Appeals Court Says Pharmacy Owners in Washington (State) Must Fill Prescriptions Despite Their Religious Views July 24, 2015

Appeals Court Says Pharmacy Owners in Washington (State) Must Fill Prescriptions Despite Their Religious Views

In a welcome development yesterday, the 9th U.S. Circuit Court of Appeals ruled that pharmacies in Washington (State) must fill patients’ prescriptions even if the owner has religious objections. While individual pharmacists are still allowed to say no, someone else must do the work on their behalf without delay.

A unanimous three-judge 9th Circuit panel on Thursday decided that the rules are constitutional because they rationally further the state’s interest in patient safety. Speed is particularly important considering the time-sensitive nature of emergency contraception, the court said.

“The time taken to travel to another pharmacy, especially in rural areas where pharmacies are sparse, may reduce the efficacy of those drugs,” wrote Judge Susan Graber.

It’s the right decision. No pharmacy owner should be getting in between patients and their doctors because they believe the medication makes Jesus cry. If they want to be in the business of denying patients certain kinds of medicine, then they’re in the wrong line of work.

Americans United for Separation of Church and State, which filed an amicus brief in the case, welcomed the ruling:

“The state of Washington has a clear interest in making sure women can get emergency contraception in a timely and safe manner,” said Alex J. Luchenitser, Americans United’s associate legal director. “A pharmacy owner’s personal religious beliefs shouldn’t be permitted to undermine that access.”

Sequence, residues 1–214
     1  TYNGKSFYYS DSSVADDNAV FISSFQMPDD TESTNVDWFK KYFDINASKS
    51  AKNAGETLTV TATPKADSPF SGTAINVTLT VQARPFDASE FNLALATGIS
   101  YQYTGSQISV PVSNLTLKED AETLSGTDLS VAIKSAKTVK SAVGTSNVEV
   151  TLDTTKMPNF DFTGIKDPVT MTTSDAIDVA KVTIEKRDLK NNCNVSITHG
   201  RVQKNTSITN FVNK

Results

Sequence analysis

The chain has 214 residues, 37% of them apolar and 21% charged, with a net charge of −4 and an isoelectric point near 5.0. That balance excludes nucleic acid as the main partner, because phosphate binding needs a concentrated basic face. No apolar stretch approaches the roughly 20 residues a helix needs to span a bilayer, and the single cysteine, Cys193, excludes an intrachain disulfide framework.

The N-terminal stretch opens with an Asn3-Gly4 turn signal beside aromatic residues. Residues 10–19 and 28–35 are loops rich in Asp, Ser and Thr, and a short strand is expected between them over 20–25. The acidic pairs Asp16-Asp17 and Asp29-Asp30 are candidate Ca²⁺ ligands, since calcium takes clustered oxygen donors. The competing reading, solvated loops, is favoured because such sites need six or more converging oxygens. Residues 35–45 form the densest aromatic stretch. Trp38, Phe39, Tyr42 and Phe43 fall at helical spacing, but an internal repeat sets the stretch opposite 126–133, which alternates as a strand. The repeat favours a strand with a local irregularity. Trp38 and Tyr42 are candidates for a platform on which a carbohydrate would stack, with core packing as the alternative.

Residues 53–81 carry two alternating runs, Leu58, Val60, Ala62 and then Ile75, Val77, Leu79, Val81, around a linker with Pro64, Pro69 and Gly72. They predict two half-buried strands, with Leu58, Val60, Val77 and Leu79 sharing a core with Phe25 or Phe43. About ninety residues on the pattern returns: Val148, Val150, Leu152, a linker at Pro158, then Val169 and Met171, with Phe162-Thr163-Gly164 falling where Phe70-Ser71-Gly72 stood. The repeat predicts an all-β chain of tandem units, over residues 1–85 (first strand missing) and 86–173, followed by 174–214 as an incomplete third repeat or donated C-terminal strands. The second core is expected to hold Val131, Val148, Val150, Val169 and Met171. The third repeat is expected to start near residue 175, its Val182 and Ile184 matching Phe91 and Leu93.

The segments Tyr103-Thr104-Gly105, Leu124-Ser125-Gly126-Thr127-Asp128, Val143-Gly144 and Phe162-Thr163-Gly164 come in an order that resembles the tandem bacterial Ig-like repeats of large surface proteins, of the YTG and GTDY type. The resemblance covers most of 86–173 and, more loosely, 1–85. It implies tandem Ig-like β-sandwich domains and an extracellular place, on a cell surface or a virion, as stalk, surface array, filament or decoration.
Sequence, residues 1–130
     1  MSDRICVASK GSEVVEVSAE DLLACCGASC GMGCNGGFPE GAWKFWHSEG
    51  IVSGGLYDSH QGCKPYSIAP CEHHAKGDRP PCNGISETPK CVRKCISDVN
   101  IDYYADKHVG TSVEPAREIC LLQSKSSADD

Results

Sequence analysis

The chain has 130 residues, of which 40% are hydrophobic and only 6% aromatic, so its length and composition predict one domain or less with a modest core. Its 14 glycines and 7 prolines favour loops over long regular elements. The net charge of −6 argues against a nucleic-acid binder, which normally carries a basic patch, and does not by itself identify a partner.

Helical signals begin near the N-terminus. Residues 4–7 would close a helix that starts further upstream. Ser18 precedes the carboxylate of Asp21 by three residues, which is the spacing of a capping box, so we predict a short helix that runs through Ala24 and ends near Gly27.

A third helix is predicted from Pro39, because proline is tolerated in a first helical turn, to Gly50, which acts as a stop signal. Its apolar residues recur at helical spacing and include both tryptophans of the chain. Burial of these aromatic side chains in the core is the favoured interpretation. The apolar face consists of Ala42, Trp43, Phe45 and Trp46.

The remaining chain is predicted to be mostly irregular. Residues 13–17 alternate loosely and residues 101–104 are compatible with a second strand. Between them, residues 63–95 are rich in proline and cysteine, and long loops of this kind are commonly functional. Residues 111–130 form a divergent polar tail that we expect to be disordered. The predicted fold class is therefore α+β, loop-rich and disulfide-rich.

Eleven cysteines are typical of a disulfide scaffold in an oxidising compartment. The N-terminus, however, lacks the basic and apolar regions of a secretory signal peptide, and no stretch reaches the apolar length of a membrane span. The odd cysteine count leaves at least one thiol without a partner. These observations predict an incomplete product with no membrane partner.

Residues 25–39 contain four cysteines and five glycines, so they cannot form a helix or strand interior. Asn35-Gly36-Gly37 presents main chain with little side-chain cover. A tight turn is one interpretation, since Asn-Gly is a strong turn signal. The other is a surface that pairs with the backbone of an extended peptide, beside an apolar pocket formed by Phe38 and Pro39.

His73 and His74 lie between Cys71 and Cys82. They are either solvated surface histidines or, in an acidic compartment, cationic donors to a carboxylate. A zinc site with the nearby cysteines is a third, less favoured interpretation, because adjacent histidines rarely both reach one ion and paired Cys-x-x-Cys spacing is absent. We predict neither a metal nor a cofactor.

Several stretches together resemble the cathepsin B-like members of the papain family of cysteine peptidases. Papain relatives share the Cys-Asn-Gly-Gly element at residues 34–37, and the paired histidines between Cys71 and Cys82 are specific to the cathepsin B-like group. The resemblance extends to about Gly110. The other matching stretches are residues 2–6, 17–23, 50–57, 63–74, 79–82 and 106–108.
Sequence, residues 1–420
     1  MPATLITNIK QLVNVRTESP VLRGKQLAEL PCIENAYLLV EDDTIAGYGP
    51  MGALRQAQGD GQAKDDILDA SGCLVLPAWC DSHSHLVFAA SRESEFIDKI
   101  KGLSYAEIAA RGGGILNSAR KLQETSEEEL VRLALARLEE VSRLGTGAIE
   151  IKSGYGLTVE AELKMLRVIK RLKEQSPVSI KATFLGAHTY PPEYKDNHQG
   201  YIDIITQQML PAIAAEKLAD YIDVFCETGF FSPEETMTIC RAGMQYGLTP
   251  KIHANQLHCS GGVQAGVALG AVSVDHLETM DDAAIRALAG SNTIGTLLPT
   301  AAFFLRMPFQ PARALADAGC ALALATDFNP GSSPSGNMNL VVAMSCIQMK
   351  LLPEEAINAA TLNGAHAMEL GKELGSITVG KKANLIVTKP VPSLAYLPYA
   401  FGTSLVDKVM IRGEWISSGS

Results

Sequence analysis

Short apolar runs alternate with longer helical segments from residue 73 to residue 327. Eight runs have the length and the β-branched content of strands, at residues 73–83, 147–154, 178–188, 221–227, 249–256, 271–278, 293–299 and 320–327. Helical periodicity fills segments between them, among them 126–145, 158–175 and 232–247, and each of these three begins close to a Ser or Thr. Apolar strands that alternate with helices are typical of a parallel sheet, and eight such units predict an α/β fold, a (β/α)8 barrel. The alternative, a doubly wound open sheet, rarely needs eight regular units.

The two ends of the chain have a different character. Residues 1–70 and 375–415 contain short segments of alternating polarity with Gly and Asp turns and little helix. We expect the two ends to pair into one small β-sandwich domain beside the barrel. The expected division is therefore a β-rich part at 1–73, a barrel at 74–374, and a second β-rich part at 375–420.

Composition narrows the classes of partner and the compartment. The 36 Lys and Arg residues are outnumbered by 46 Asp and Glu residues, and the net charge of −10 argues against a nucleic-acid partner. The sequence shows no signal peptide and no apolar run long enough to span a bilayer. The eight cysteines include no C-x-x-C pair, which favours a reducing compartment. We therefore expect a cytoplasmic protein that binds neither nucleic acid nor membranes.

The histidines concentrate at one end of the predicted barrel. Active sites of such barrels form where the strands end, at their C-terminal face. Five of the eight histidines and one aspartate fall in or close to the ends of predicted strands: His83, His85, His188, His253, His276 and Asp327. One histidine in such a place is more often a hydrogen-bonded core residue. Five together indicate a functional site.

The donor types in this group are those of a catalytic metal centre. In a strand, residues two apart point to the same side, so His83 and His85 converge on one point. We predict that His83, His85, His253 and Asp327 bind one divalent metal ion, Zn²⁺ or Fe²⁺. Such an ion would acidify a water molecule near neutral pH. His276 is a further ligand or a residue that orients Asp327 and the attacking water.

The Becket Fund for Religious Liberty, on the owner’s side, said that denying women emergency contraception is totally okay because there are other pharmacies nearby that do what they’re supposed to do:

“The government has no business punishing citizens solely because of their religious beliefs,” the group’s deputy general counsel, Luke Goodrich, said in a news release. “The pharmacists in this case willingly refer patients to over 30 pharmacies that stock the morning-after pill within a 5 mile radius, and no patient has ever been denied timely access to any drug.”

Even if that’s true, it makes you wonder what the purpose of a pharmacy is if they can’t meet a patient’s needs. Why have a McDonald’s in the first place if the vegetarian owner tells you to drive a couple of miles down the road if you want a hamburger?

(Image via Shutterstock)

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